Human Exceptionalism

Life and dignity with Wesley J. Smith.

Medical Marijuana: Blame Congress, Not the DEA


We keep reading stories and opinion columns castigating the DEA for enforcing federal law prohibiting all consumption of marijuana--regardless of state laws permitting its medical use. This is a problem that needs addressing, alright, but not by the slight-of-hand trick of making law enforcement agencies pretend that long-standing federal law doesn't exist. That is a prescription for selective law enforcement based on politics, which is to open the door to all sorts of abuses.

Why does nobody address the real problem here? It isn't the DEA, it isn't the FBI, it is the wording of federal law! Specifically: When Congress passed the Federal Controlled Substances Act, it explicitly stated that marijuana has no legitimate uses. That inhibits research into the proper uses of marijuana as a palliative agent, prevents the FDA from allowing it to be prescribed, and forces the DEA's hand. Yet, despite this being the cause of all of the consternation, even medical marijuana boosters don't bring it up! Take for example, this column in the Missoulian byTom Daubert. He writes:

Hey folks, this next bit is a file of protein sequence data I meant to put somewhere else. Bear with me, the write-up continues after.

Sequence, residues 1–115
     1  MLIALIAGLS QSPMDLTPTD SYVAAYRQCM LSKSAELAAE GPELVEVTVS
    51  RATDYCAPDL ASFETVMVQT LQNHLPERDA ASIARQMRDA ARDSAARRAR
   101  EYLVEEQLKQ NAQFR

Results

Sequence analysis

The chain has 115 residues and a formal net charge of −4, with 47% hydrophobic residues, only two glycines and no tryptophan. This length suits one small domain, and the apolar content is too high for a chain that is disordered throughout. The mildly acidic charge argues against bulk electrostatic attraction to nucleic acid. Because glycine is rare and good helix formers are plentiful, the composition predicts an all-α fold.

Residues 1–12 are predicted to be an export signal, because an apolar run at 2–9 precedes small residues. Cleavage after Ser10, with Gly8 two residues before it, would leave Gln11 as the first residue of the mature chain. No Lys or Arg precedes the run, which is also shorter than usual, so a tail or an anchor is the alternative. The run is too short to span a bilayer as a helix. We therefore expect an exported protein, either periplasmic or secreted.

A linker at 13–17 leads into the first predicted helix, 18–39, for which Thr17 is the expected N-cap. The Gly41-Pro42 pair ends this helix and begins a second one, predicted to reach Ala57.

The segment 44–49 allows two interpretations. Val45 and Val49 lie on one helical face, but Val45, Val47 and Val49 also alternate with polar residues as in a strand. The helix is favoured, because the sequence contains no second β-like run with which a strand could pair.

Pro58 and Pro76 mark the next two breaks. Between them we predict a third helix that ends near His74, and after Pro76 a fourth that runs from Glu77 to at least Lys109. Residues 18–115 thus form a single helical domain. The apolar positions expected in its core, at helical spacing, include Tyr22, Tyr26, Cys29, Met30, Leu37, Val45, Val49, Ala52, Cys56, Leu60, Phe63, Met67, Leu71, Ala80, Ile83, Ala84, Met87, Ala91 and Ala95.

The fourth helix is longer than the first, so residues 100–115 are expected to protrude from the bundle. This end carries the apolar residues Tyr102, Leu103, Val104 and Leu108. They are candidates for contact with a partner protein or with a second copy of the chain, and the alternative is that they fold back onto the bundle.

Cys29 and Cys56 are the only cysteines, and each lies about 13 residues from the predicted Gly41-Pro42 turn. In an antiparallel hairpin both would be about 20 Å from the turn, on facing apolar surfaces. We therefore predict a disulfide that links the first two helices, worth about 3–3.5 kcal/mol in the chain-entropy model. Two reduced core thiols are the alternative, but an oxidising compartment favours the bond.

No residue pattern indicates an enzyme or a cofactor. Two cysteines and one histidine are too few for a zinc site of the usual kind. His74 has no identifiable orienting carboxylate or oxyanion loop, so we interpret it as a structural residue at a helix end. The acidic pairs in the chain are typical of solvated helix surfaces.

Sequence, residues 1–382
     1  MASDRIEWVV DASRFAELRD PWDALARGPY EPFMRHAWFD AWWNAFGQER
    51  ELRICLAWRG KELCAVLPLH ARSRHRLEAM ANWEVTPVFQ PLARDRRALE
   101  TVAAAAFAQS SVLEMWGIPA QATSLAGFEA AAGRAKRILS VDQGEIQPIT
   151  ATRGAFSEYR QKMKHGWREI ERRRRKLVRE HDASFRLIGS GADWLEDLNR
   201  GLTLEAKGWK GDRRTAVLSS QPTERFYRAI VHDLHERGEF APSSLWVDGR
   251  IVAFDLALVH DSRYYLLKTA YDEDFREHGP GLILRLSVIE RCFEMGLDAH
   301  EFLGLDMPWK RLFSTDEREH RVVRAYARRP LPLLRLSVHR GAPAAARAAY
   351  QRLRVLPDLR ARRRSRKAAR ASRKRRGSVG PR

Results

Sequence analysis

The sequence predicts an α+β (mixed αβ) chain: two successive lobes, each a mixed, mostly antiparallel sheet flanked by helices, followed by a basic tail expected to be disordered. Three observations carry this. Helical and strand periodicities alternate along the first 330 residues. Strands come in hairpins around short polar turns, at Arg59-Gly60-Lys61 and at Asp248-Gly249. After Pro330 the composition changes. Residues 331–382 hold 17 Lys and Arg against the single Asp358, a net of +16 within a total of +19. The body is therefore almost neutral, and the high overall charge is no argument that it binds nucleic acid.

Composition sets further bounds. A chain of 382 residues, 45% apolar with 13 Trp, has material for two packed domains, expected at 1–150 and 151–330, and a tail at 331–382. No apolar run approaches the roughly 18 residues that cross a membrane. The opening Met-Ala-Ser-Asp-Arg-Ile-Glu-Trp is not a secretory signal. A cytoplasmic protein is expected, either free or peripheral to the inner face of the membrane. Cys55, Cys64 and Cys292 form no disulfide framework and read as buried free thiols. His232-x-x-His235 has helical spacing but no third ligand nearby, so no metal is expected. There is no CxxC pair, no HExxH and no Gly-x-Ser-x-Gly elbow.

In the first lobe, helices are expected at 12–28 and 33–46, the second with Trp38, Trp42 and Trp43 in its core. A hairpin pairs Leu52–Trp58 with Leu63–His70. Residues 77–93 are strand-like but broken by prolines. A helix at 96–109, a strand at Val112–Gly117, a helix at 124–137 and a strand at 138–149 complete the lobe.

The nation's Drug Enforcement Administration agents can sleep a little easier tonight. They now have one less medical marijuana patient to worry about policing.

That's because Montana's leading medical marijuana patient-activist took her own life last week, a direct result of DEA actions earlier this year. As the sad news spreads, every patient in the state and all their relatives and friends grieve the loss of Robin Prosser.

It's time for our federal government to end its anti-scientific and brutal war--a war not on drugs, but on sick people like Prosser.
But that is misdirection. The real answer is to urge that Congress change the law! But even in this powerful indictment of the stifling of medical marijuana--the issue isn't addressed.

There is no logical reason why morphine--a truly addicting drug--can be used medically but marijuana--which is not addictive--cannot. Moreover, maintaining the law as is breeds disrespect for law and has opened the door to the anarchic procedures currently employed in the states to distribute medical cannabis.

Will any presidential candidate have the courage to make this an issue? Will the media? Or will we merely continue to gripe about those evil DEA agents who supposedly want people to suffer?


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